Recent advances in technologies required for a "Salad Machine"

University of Colorado at Boulder, Boulder, Colorado, United States
Advances in Space Research (Impact Factor: 1.36). 02/2000; 26(2):263-9. DOI: 10.1016/S0273-1177(99)00570-0
Source: PubMed


Future long duration, manned space flight missions will require life support systems that minimize resupply requirements and ultimately approach self-sufficiency in space. Bioregenerative life support systems are a promising approach, but they are far from mature. Early in the development of the NASA Controlled Ecological Life Support System Program, the idea of onboard cultivation of salad-type vegetables for crew consumption was proposed as a first step away from the total reliance on resupply for food in space. Since that time, significant advances in space-based plant growth hardware have occurred, and considerable flight experience has been gained. This paper revisits the "Salad Machine" concept and describes recent developments in subsystem technologies for both plant root and shoot environments that are directly relevant to the development of such a facility.

1 Read
  • Source
    • "Except for diet significance, cultivation vegetable was also regarded as an attractive alternative to improve living environment conditions onboard and provide a psychological benefit for crew (Kim et al., 2004a). The idea of onboard cultivation of salad-type vegetables for crew consumption was proposed as a first step of CELSS applied to space enclosed environment (Kliss et al., 2000; Wheeler, 2009). Over the past few decades, many researchers have pursued development of salad-type vegetable production facility onboard (Berkovich et al., 2004b; Morrow et al., 2005). "
    [Show abstract] [Hide abstract]
    ABSTRACT: Vegetable cultivation plays a crucial role in dietary supplements and psychosocial benefits of the crew during manned space flight. Here we developed a ground-based prototype of horn-type sequential vegetable production facility, named Horn-type Producer (HTP), which was capable of simulating the microgravity effect and the continuous cultivation of leaf–vegetables on root modules. The growth chamber of the facility had a volume of 0.12 m3, characterized by a three-stage space expansion with plant growth. The planting surface of 0.154 m2 was comprised of six ring-shaped root modules with a fibrous ion-exchange resin substrate. Root modules were fastened to a central porous tube supplying water, and moved forward with plant growth. The total illuminated crop area of 0.567 m2 was provided by a combination of red and white light emitting diodes on the internal surfaces. In tests with a 24-h photoperiod, the productivity of the HTP at 0.3 kW for lettuce achieved 254.3 g eatable biomass per week. Long-term operation of the HTP did not alter vegetable nutrition composition to any great extent. Furthermore, the efficiency of the HTP, based on the Q-criterion, was 7 × 10−4 g2 m−3 J−1. These results show that the HTP exhibited high productivity, stable quality, and good efficiency in the process of planting lettuce, indicative of an interesting design for space vegetable production.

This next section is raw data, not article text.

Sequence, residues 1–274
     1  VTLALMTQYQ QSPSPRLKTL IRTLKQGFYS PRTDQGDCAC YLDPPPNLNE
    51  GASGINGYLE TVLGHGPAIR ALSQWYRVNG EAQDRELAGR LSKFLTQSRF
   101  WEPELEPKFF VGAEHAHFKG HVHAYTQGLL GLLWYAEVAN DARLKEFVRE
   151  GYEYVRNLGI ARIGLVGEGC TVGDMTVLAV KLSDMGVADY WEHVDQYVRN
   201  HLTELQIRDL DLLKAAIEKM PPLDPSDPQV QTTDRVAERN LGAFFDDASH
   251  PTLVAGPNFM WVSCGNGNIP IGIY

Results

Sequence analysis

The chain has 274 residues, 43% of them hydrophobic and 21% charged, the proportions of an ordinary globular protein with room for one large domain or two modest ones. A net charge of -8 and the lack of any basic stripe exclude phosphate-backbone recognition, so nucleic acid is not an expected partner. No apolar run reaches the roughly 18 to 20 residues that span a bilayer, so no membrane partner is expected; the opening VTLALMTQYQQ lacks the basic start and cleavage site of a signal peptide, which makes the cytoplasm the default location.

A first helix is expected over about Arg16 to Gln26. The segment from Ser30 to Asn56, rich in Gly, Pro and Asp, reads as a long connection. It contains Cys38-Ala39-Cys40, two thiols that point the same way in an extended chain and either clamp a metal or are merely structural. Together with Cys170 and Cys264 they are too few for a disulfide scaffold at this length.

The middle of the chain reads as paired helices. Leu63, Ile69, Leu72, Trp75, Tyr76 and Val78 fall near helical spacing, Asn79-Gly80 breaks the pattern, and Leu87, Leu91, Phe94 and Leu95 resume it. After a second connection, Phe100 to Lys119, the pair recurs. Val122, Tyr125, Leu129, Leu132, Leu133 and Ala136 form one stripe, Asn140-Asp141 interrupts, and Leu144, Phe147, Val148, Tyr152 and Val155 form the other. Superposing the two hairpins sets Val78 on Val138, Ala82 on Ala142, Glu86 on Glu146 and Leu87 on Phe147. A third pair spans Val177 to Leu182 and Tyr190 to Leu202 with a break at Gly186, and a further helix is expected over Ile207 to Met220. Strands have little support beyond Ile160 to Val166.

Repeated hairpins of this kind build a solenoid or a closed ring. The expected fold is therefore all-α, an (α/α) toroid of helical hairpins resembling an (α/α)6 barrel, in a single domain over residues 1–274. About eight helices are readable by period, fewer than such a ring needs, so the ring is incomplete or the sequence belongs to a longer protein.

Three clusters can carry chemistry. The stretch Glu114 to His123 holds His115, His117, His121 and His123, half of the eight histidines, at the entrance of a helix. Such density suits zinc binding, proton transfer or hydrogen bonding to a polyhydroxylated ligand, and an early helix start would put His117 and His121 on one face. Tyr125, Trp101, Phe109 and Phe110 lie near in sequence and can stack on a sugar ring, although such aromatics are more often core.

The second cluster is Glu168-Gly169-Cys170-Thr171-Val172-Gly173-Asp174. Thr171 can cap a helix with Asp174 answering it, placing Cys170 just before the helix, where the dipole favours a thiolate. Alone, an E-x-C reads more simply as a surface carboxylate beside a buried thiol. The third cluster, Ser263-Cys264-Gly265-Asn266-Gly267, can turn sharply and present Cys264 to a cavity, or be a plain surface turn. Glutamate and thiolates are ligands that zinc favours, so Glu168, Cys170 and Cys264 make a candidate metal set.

Full-text · Article · Jul 2013 · Advances in Space Research
  • [Show abstract] [Hide abstract]
    ABSTRACT: Not Available
    No preview · Conference Paper · Dec 1992
  • [Show abstract] [Hide abstract]
    ABSTRACT: In order to evaluate the effects of gravity on growing plants, we conducted ground based long-term experiments with dwarf wheat, cultivar Apogee and Chinese cabbage, cultivar Khibinskaya. The test crops had been grown in overhead position with HPS lamp below root module so gravity and light intensity gradients had been in opposite direction. Plants of the control crop grew in normal position under the same lamp. Both crops were grown on porous metallic membranes with stable -1 kPa matric potential on their surface. Results from these and other studies allowed us to examine the differences in growth and development of the plants as well as the root systems in relation to the value of the gravity force influence. Dry weight of the roots from test group was decreased in 2.5 times for wheat and in 6 times - at the Chinese cabbage, but shoot dry biomass was practically same for both test and control versions. A harvest index of the test plants increased substantially. The data shows, that development of the plants was essentially changed in microgravity. The experiments in the space greenhouse Svet aboard the Mir space station proved that it is possible to compensate the effects of weightlessness on higher plants by manipulating gradients of environmental parameters (i.e. photon flux, matric potential in the root zone, etc.). However, the average productivity of Svet concerning salad crops even in ground studies did not provide more than 14 g fresh biomass per day. This does not provide a sufficient level of supplemental nutrients to the crew of the ISS. A cylindrical design of a space plant growth chamber (SPGC) allows for maximal productivity in presence of very tight energy and volume limitations onboard the ISS and provides a number of operational advantages. Productivity from this type of SPGF with a 0.5 kW energy utilization when salad growing would provide approximately 100 g of edible biomass per day, which would almost satisfy requirements for a crew of two in vitamin C and carotene and partly vitamin B group as well as rough fiber.
    No preview · Article · Feb 2004 · Advances in Space Research
Show more